Danger UXB (1979) A Clever British TV Series about a Bomb Squad During the Blitz

I would say that this British TV series is one of the most realistic stories ever told about London during the Blitz and the dangerous duty of defusing the numerous unexploded bombs that hit the country. Danger UXB focuses on a young lieutenant, Brian Ash (Anthony Andrews), appointed to a bomb squad. His squad defuses all sorts of unexploded German bombs. This is highly stressful and very difficult. There are so many different types of bombs with different types of fuses. Magnetic, movement detectors, chemical reaction, clock work and time delay fuses. The bombs are found in many different places such as  schools, gardens, back yards, living rooms,  a night club, a factory  which gives ample opportunity to tell side stories and show the lives of ordinary people during this time. It is hard to imagine what it must have been like to be bombed every single night. The series manages to give a very good feel for the danger of this line of work.  I would say Danger UXB provides a rare combination of instruction and entertainment, combining historical accuracy with tales of everyday lives and the story of one young officer, his work , his dealings with fellow officers and commanders and  his love life. British TV is a great source for realistic historical series and movies. I haven’t seen Piece of Cake yet but it is sitting here, waiting to be watched. Danger UXB is far less known. I highly recommend it. I think it is also interesting to compare it to the ubiquitous The Hurt Locker (see my post on The Hurt Locker) and see the difference between a bomb squad now and then.

I attached a video for you, where you can see that each episode initiates with original footage to enhance accuracy. Unfortunately this video has an addition to it but it is the best I could come up with. I couldn’t find any trailer only some fan videos but they had insufferable music.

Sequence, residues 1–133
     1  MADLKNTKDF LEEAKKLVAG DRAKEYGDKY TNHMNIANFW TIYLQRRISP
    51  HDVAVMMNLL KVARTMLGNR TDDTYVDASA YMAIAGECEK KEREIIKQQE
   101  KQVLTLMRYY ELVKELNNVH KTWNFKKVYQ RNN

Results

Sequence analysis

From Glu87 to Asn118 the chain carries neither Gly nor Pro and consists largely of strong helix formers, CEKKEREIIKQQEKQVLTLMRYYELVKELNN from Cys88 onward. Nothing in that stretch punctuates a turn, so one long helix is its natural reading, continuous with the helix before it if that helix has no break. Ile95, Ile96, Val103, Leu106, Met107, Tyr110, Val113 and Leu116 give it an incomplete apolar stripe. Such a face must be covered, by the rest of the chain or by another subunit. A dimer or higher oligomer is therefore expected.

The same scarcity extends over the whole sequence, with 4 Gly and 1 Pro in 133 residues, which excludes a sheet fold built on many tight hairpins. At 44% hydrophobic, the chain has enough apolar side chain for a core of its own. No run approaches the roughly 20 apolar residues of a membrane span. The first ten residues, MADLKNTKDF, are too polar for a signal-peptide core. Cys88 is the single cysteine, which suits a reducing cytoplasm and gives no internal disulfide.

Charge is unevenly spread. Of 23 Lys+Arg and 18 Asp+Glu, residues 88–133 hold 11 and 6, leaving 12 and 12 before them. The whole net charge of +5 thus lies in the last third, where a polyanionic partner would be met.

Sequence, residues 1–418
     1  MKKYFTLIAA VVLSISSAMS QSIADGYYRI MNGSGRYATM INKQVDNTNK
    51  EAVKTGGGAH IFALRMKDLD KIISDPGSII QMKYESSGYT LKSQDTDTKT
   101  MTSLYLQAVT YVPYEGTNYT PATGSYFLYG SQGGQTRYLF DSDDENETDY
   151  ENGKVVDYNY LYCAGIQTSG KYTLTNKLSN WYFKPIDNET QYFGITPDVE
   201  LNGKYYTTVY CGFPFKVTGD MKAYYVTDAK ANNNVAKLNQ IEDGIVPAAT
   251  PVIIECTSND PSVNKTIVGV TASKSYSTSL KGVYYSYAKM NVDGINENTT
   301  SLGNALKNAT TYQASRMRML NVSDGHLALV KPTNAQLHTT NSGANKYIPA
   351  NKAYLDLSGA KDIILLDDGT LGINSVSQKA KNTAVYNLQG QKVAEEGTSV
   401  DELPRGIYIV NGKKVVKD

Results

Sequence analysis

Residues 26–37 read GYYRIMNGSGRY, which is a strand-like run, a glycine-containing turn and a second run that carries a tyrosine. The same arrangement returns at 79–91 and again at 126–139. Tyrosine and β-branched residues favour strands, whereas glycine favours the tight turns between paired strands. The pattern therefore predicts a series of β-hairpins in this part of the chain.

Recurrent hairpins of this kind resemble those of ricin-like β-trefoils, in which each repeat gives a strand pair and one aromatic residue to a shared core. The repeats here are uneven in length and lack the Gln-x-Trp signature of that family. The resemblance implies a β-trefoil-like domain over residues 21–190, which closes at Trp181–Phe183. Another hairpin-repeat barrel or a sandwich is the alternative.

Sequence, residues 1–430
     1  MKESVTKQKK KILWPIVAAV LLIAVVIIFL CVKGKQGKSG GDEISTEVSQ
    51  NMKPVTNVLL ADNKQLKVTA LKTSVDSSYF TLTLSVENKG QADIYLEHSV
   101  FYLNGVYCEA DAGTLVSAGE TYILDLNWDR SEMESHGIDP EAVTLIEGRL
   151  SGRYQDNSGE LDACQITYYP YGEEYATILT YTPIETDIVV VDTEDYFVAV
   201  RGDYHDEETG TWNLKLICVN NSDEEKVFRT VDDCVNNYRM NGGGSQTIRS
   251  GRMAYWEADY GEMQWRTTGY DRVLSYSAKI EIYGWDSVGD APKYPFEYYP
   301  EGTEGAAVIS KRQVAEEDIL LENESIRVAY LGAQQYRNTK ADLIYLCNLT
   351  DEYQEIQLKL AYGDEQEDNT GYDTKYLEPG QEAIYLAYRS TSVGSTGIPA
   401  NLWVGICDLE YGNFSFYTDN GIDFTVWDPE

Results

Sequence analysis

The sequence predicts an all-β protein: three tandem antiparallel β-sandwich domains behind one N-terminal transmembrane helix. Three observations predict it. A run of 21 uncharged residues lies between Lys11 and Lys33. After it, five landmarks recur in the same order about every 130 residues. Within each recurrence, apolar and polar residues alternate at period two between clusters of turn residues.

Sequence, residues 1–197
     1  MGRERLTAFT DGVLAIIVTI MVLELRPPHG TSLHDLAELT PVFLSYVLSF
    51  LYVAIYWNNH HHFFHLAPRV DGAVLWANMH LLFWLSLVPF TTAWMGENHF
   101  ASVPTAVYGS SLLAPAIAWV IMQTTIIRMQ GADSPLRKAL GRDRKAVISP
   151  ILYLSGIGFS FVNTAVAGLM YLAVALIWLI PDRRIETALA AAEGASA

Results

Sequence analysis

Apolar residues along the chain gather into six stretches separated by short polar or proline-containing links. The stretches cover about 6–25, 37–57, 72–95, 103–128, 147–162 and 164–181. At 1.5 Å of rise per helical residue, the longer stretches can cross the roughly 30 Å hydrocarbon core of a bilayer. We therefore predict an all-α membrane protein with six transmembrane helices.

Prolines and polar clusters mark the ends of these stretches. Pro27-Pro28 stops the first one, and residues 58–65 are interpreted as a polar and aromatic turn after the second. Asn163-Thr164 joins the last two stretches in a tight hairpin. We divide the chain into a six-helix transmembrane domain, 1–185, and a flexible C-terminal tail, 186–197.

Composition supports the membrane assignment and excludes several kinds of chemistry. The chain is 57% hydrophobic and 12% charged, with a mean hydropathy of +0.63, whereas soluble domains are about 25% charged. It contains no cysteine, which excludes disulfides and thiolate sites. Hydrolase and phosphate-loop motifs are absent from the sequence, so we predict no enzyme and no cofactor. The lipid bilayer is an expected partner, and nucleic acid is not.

A War Movie Gone Thriller: The Hurt Locker (2008)

Yes, I had to do it. I had to add something on this ubiquitous film.

The story of The Hurt Locker should be sufficiently known by now. We are shown a bomb squad on their mission to disarm bombs in Iraq. When a real danger addict is appointed to be the new leader of the squad things get really exciting.

Somehow, when I realized I liked it, I felt a soft tingling feeling of shame that made me wonder.

But the fact that I did enjoy The Hurt Locker doesn´t necessarily mean I think it is a good war movie. There was a whole lot of suspense going on. It was entertaining and it sure felt like a thriller. The possibility of every  bomb or object to prove deadly seemed like a serial killer lurking around in the dark. He sees you, you sense him. Creepy. I stopped breathing every time Sgt. First Class James started to cut those little wires.

While I was watching it I did not for one second question it. I felt just so swept away and liked it. Period. But afterwards I found it kind of problematic. One is almost grateful wars take place and offer us such a great topic of suspense.

I remember that I had very comparable feelings after having seen Apocalypse Now. The anti-war message was just not clear enough for me.

Same here. It´s like saying: yeah well, war is shit, we shouldn´t do it but so what, it´s fun.

Of course that is not what Kathryn Bigelow tried to say but it is what the audience could understand.

This potential to be misunderstood comes from the blending of the genres. Or rather the blending of major techniques of different genres. War movies don´t normally create this type of suspense. It would have been possible to show the same without creating the suspense.

Maybe I should put it that way: The Hurt Locker is one hell of an exciting movie but a dubious war movie. It is especially problematic as it shows a very specific bit of warfare in Iraq. Where every other movie with an attempt at realism (the most extreme example would be Redacted. Come to think of it, Redacted is actually the antithesis of The Hurt Locker. It is so boring it hurts) has often long boring stretches where nothing else happens but watching road blocks, this one shows it as if the war in Iraq had nothing else but moments that got your adrenaline pumping.

Be it as it may it is great filmmaking. Kathryn Bigelow is very good at that. If you want to watch another one of her movies either try Point Break (1991) or Strange Days (1995). Both are highly enjoyable without creating any guilty feelings. Especially the first one is one of the rare movies that I can watch again and again. And, as an additional asset, it will help you understand her technique and where she comes from genre and theme wise.